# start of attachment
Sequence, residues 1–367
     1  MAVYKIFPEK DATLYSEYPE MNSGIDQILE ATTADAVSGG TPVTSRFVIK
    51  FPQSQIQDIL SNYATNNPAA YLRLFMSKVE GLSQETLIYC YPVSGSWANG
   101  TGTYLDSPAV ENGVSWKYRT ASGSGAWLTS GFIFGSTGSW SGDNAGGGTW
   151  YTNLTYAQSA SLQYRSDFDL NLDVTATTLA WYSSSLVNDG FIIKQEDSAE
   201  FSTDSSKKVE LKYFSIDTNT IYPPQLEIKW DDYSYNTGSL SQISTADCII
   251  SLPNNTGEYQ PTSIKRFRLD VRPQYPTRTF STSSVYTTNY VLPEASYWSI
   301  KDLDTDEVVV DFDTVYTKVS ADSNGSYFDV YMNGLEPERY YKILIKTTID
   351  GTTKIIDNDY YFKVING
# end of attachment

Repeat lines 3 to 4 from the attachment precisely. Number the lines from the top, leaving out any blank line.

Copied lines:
    51  FPQSQIQDIL SNYATNNPAA YLRLFMSKVE GLSQETLIYC YPVSGSWANG
   101  TGTYLDSPAV ENGVSWKYRT ASGSGAWLTS GFIFGSTGSW SGDNAGGGTW